Types of Interfaces

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Command Line Interface

An interface composing of writing in different sets of commands to make the computer complete a specific task. It doesn't use much space as an interface, really. It's just very hard to learn every single command for it.

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GUI (Graphical User Interfaces)

An interface which allows users to communicate with the system through the use of drop-down menus and icons. It's very easy to use and can be understood in every language, pretty much. However, it may use more space on the CPU and needs more processing requirements. You would also need a faster and more powerful processor.

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Menu-Driven Interface

An interface where the user is given a list of options, where the user types in a letter or number of selection. It's easy to understand and needs minimal clicking, but only suitable if the list of options is limited. If it's designed poorly, there may be issues.

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Form-Driven Interface

An interface where information is collected step-by-step. The user puts information into a form, where it is then validated. It ensures that all the information has been filled in with prescence checks, and can reduce the amount of errors that can allow customers to enter their own details and not worry about spelling mistakes. However, it only allows a limited amount of options if it's not left as an open question, and if poorly designed can cause some issues.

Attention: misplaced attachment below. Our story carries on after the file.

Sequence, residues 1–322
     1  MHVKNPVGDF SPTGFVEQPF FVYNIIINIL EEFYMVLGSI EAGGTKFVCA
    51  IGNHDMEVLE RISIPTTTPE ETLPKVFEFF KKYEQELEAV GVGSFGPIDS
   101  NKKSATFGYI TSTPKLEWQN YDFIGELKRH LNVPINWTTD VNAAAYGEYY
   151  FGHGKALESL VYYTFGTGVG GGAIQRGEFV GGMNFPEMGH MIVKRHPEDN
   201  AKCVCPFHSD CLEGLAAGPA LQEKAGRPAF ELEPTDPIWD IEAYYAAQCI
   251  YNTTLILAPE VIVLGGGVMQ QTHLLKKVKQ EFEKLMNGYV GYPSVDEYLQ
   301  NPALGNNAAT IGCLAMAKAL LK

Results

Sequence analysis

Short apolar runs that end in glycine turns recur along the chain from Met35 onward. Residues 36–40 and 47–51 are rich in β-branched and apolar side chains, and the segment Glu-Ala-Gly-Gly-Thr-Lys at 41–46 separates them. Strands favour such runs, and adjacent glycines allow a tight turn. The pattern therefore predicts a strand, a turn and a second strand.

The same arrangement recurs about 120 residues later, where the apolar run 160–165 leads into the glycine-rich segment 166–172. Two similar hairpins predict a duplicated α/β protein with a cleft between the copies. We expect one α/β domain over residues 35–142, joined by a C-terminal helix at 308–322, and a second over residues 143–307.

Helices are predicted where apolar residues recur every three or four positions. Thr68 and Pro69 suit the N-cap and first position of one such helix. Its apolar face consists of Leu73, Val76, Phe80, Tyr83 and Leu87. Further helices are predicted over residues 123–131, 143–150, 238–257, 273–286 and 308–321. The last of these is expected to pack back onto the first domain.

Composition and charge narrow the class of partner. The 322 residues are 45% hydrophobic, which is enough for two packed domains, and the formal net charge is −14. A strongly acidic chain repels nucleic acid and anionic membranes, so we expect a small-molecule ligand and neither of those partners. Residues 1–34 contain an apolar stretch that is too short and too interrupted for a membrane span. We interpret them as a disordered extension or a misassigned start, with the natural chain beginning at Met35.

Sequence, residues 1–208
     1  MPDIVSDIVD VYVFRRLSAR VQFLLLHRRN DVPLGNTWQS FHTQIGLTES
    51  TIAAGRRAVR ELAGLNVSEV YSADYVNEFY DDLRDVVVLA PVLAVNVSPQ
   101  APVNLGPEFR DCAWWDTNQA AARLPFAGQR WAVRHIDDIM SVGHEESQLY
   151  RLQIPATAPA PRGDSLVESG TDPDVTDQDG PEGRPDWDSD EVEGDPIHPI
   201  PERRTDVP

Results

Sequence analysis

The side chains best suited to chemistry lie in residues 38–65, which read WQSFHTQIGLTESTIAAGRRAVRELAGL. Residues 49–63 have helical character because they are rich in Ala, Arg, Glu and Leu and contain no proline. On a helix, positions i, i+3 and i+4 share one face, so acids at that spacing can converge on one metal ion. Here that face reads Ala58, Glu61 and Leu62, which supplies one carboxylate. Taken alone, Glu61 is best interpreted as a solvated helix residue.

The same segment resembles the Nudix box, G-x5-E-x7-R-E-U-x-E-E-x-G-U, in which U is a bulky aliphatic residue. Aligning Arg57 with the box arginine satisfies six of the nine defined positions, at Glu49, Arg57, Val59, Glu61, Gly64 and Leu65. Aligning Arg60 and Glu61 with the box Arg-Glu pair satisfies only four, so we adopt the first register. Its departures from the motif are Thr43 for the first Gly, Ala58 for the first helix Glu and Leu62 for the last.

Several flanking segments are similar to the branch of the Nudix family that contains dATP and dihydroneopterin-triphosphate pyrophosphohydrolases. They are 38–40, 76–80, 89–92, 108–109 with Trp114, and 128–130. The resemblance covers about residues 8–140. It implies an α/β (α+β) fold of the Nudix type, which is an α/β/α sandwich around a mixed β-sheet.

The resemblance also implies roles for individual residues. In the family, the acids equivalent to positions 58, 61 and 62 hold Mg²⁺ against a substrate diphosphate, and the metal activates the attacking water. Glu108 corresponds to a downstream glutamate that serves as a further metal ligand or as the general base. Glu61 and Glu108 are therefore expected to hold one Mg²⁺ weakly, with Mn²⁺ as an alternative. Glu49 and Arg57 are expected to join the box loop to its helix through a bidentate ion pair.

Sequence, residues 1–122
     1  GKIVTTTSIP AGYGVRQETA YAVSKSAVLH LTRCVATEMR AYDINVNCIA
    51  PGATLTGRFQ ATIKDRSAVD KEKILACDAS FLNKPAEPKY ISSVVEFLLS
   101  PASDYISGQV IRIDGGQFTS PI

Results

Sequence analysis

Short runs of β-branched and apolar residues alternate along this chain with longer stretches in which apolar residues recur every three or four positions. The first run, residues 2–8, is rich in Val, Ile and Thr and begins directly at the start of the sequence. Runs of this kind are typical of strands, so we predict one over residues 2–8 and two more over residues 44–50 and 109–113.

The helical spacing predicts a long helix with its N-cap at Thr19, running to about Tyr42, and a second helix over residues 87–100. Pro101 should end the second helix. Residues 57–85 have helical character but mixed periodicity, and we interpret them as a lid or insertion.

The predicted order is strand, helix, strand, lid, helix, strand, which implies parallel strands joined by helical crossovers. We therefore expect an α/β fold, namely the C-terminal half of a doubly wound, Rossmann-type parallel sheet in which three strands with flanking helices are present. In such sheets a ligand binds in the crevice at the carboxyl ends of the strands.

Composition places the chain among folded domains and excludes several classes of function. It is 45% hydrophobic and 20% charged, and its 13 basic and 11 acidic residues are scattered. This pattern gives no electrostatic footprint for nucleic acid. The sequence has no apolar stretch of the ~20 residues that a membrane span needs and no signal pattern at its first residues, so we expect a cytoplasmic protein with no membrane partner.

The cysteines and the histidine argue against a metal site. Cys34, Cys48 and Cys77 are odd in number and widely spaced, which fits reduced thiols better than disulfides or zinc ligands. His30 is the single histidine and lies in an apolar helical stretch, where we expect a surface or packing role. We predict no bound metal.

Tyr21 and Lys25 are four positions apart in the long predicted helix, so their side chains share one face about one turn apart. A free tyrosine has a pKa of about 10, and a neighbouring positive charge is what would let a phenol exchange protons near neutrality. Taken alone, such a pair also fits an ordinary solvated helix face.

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Natural Language Interface

An interface that allows the user to communicate through natural handwritten or spoken language. You don't need to know any form of specialist language, just native languages! However, it may be affected by accent and dialect - as well as homophones (Eg. They're, there, their)

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